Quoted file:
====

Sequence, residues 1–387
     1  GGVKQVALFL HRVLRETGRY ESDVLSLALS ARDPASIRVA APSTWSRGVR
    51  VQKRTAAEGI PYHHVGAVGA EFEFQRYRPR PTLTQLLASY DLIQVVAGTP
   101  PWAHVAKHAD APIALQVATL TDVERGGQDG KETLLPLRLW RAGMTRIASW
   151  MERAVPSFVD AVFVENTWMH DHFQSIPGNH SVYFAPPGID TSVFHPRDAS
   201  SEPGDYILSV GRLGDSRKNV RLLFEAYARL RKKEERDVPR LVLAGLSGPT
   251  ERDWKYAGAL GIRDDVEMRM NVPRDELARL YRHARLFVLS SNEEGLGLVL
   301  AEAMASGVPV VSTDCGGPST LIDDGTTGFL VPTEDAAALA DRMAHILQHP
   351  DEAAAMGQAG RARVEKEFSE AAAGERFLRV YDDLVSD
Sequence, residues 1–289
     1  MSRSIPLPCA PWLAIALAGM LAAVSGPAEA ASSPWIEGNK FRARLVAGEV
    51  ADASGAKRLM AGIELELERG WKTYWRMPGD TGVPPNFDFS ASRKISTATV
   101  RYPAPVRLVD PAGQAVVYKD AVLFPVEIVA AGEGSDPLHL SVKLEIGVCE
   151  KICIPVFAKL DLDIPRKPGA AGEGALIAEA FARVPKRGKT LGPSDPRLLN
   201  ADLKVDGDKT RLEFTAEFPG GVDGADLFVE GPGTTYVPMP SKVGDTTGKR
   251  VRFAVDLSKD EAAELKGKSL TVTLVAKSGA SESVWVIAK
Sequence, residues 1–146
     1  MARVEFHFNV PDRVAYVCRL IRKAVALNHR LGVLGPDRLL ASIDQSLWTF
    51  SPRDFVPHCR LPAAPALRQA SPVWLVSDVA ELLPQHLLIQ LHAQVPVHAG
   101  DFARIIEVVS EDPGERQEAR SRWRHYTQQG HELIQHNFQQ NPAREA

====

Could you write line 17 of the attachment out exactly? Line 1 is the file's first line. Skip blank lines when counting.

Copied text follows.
Sequence, residues 1–146